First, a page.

Why Do People Procrastinate?

Just this week a couple of clients were suffering from procrastination. And just this week there was a study reported, on how to stay on task, that I believe can help us to get started on the tasks too.

Naturally, I am intrigued by what makes it so hard to get started in the first place. After all, she put it on her list, she said she would do it, she even said that she wanted to do whatever it was, and then she didn’t.

It can be puzzling, if not deeply frustrating because they have no idea why they would behave so irrationally. But is it irrational, or is there something more going on?

One of the first and best things I learned in business school was that people are rational.

Even if the reason is not conscious, still there is a reason ‘why not’ that is overpowering the ‘why’ they first wanted to do it at all.

And what might that be? What is the reason for this mighty resistance to getting things done?

Let’s talk about procrastination, something 94% of participants in one study said is ruining their happiness. From an earlier post on why so many people put off doing what they said they would:

What Causes Procrastination?

Go here if you want to read about the 2, 3, 4, 5, or 6 types of Procrastinators. I’m more interested in general causes than types, and found this great list, which you can unpack more here:

    • Abstract goals.
    • Outcomes that are far in the future.
    • A disconnect from our future self.
    • Feeling overwhelmed.
    • Anxiety.
    • Task aversion.
    • Perfectionism.
    • Fear(e.g., of failure, evaluation, or negative feedback).
    • Perceived lack of control.
    • ADHD.
    • Depression.
    • Lack of motivation.
    • Lack of energy.
    • Sensation seeking.

The list above got me thinking about someone I talked with just this week. Let’s call her Sue. 

Sue got called on the rug big time, by her director, for putting off things her director really wanted her to do. Turns out, Sue said that it was not that she didn’t like the tasks per se. Sometimes, that is the reason, task aversion, on the list above. But not in Sue’s case.

And, it was not that she had too much else to do. She did have other things to do, which she enjoyed more so she did those, especially since these other activities gave her a more enhanced sense of herself.-

I get Sue. A lot of adults don’t particularly appreciate being told what to do. They are adults after all. And they especially don’t like having whatever it is hanging over their heads, even if the nagging about things undone is coming from inside their own heads.

It’s intrusive and stressful. And they want it to go away, so they put it off, as if that will make it go away only it doesn’t. What we resist persists and only comes back stronger.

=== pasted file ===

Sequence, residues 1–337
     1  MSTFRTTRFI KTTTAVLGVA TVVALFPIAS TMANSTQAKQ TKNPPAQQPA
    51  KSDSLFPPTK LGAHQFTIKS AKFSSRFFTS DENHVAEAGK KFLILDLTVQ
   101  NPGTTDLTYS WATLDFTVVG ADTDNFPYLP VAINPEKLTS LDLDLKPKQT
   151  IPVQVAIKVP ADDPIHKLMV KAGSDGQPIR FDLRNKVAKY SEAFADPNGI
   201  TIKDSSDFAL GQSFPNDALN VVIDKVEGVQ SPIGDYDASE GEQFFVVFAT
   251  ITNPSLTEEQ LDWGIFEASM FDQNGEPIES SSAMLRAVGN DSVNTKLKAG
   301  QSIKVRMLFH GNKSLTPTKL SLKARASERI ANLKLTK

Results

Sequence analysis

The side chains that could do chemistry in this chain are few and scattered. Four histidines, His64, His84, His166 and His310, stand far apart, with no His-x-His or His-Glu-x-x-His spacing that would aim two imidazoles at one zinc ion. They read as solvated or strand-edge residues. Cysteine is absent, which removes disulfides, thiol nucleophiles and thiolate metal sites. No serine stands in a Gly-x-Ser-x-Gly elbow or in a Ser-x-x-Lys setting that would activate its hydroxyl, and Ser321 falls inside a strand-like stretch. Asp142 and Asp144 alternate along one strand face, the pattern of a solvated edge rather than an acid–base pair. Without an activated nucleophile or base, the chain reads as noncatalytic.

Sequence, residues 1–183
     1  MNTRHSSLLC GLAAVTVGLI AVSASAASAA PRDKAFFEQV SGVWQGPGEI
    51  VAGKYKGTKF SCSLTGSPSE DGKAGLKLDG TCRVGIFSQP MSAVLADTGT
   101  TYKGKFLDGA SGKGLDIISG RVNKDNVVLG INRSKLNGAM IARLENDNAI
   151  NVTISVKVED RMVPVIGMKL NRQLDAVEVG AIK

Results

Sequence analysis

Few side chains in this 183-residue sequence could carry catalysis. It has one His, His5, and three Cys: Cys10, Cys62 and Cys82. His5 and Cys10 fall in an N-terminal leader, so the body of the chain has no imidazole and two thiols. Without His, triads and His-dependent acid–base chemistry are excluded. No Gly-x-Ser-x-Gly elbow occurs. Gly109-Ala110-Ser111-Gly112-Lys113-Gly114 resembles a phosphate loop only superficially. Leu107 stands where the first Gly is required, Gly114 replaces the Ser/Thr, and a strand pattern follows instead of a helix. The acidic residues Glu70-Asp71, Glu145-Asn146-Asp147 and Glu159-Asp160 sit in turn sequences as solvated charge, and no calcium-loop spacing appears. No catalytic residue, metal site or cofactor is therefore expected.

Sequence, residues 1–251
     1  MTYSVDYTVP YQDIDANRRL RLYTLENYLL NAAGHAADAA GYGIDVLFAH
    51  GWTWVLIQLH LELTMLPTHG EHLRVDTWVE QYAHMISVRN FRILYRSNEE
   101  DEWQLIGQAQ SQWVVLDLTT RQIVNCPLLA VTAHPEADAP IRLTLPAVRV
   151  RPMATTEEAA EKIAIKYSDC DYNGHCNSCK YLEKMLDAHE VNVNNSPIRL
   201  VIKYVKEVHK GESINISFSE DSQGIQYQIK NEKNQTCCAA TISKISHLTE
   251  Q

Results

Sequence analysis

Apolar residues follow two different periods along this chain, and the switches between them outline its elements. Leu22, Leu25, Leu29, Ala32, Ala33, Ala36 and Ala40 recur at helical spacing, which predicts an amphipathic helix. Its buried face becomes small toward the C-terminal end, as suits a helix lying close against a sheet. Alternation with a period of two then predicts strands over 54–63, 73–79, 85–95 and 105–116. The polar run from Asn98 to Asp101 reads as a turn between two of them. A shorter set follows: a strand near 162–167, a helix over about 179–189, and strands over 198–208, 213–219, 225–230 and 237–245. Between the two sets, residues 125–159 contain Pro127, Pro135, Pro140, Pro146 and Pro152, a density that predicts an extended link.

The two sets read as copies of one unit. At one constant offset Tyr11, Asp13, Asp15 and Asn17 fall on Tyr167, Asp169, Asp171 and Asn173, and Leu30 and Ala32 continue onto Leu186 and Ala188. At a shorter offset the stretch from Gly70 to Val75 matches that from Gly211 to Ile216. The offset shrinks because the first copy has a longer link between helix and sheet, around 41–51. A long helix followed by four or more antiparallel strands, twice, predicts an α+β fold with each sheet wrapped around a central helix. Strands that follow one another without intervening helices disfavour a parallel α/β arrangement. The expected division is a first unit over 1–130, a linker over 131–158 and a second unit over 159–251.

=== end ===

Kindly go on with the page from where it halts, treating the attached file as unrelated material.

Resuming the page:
And, it isn’t our most mature and effective shot to be digging our heels in like a 2-year-old when it comes to stuff we know we need to get done.

What can we do instead?

What to Do Instead of Procrastination

Not starting and not sticking with a task or commitment are 2 of the numerous types of procrastinating.

For both of these, instead of mindlessly (and/or willfully) procrastinating when we don’t feel like doing what we think we should—or said we would—what if we paused for a moment and asked ourselves what purpose would it serve to just get it done?

The University of Oregon study found that participants had a much easier time sticking with a task and with better performance when the task was associated with specific individual goals to pursue. Goal setting can knock out distractions that take us off task and motivate us in the direction of beginning tasks we have been putting off.

So, what about this? As only one example, what if a general purpose goal was that it simply feels terrific to get things done?

I pride myself on having the world’s shortest to-do list. I love how it feels to put my head on the pillow at night knowing I pretty much got it done, for not just myself but all the people counting on me too. Nobody is making me do anything. I am the adult, fully in charge.

And okay fine, sometimes I don’t get it all done, but it’s not like there is a big pile-up weighing me down and stealing my smile, because most things get done. And they get done because I want them to because it feels good.

Maybe you can try this, or come up with a guiding goal that works better for you.

Practice, practice, practice…see what happens and let us know.

With love,


Photo by Freepik

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About the Author: Madelaine Weiss
Madelaine Claire Weiss (LICSW, MBA, BCC) is a Licensed Psychotherapist, a Board Certified Executive-Career-Life Coach, and bestselling author of “Getting to G.R.E.A.T. 5-Step Strategy for Work and Life.” sfas

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